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Trigger Foods or Trigger Diets

You may have come across advice that says don’t deprive yourself of any food including sugar or you will just want it more. Patrice French (RNP here at IMWL) came across such advice recently in her never-ending research she does to help our patients. She asked me what I thought about someone on the internet giving advice that you should not deprive yourself of sugar (or anything else) because that is the reason you overeat it. This is sometimes referred to as the diet-binge cycle. The following is my response to Patrice:

There is a difference between dieting and avoiding substances that give you the munchies.

Depending on your specific, albeit changeable physiology, sugar can cause chemical cravings. 

There is scientific evidence for this as well as the experience of countless human beings.

Some people, sometimes, itch from peanuts. 

To think that they itch only because they are scratching is ridiculous. 

Some people at sometimes get a *real* appetite “itch” (craving) from sugar. 

Some people don’t have that sugar-induced itch, and those people may need to just quit “dieting” and love themselves.

Eventually if I love myself enough, I might stop having cravings that result *from* eating sugar.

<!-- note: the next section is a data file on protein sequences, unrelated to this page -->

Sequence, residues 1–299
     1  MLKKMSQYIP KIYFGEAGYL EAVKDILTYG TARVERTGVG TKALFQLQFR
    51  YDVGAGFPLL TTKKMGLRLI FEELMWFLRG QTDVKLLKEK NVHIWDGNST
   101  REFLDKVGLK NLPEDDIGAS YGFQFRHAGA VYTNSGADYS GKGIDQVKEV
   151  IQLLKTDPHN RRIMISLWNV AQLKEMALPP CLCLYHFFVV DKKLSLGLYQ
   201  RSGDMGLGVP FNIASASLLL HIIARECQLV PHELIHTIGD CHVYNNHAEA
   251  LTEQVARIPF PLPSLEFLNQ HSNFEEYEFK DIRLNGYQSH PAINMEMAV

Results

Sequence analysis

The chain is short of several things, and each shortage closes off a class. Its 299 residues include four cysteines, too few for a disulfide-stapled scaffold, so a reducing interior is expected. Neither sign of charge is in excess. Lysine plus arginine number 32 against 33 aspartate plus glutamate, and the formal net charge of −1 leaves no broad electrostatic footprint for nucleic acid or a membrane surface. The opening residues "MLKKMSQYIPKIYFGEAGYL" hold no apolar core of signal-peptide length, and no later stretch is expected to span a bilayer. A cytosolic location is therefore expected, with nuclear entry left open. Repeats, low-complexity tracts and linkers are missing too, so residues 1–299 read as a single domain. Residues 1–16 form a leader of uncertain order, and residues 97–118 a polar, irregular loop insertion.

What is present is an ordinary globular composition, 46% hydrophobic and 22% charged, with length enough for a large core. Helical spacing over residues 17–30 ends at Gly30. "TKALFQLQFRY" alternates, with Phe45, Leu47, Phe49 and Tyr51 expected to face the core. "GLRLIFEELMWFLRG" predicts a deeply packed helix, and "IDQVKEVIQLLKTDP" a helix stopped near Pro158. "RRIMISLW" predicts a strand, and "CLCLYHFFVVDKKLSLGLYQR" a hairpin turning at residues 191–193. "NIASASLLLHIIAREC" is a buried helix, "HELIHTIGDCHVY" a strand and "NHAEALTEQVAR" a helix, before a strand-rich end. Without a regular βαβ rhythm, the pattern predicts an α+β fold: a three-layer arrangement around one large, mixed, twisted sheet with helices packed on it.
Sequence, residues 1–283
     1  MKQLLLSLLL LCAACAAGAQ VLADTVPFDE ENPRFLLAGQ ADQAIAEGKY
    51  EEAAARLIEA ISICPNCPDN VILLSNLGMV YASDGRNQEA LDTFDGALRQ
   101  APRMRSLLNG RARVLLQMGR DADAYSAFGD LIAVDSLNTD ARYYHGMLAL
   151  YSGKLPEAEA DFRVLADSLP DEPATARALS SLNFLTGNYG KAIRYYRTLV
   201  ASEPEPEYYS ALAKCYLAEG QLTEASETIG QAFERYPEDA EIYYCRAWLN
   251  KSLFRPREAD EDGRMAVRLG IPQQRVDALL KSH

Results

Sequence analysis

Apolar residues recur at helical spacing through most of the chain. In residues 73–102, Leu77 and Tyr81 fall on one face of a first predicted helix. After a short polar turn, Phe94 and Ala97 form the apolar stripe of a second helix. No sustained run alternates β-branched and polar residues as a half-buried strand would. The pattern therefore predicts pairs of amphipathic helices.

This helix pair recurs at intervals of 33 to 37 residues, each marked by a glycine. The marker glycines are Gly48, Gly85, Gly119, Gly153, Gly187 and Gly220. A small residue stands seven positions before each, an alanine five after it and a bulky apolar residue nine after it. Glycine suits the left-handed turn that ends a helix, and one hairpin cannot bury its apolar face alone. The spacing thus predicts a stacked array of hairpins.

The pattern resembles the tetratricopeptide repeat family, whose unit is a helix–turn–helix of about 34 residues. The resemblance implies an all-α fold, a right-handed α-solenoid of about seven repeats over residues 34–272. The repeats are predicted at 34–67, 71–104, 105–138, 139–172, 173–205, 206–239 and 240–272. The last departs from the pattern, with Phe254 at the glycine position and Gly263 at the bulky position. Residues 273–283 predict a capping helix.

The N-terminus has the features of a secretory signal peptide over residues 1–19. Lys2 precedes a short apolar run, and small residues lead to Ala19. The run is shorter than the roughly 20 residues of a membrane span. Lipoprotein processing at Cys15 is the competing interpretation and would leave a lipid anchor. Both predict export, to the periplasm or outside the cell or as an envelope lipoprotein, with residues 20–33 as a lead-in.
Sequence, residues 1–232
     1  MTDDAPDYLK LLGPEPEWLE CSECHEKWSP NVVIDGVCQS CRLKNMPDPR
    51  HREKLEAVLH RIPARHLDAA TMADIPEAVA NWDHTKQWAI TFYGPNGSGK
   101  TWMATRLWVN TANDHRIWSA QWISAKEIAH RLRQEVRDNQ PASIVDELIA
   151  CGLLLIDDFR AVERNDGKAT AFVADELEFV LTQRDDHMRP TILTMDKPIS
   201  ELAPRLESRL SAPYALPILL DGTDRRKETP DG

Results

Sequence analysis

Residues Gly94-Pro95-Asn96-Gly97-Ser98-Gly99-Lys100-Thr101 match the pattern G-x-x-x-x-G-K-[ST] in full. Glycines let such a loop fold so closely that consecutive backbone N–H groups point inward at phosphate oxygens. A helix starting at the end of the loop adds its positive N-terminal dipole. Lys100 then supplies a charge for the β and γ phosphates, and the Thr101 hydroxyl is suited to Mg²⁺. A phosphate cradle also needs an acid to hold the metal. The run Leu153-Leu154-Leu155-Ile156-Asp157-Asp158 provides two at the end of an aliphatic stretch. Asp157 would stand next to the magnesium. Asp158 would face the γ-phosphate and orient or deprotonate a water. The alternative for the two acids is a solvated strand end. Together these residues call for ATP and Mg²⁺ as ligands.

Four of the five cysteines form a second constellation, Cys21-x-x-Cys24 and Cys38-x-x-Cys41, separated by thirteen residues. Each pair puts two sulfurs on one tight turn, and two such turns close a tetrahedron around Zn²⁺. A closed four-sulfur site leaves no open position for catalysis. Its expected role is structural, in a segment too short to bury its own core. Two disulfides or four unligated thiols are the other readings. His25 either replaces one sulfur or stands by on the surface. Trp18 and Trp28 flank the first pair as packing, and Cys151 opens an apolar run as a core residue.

Until then, I will continue to learn that my physiology hasn’t changed enough, and I will in fact get chemical cravings from sugar, and mood swings too.

Not just because I “broke my diet” 

In conclusion, you are the one who can know if certain foods give you the munchies (cause cravings). If they do, you will find freedom by avoiding those foods. Or you may be someone who overeats as a result of restriction (dieting). In that case, quitting dieting should result in freedom from overeating. Either way, being as kind to ourselves as we would any other human we love and care will help us let go of those “trigger” foods, or “trigger” diets. 

To your happiness and health! ~ Dr. Beth

In addition, here are Patrice’s thoughts on the subject:

“I have been discussing with my patients for the last week how they feel about sugar addiction vs emotional overeating and where they stand on the issue based on their life story and expertise. The same conclusion applies that some people can have sugars/carbs and be able to enjoy it without fear and move on. They may be emotional eaters at times but with coming here, they have learned their triggers are more mindful of how and why they are eating.

However, in the words of one of my patients “If I eat a piece of a brownie, I will go home and start foraging for more sugar and start to binge. I believe sugar is addictive for me and I know I need to avoid it”

There has been no doubt in anyone’s mind whether emotional eater vs food addict that food addiction is very real. I also feel to address this with patients in a compassionate, understanding manner is a huge relief for many who suffer and are validated. It is a great conversation to have”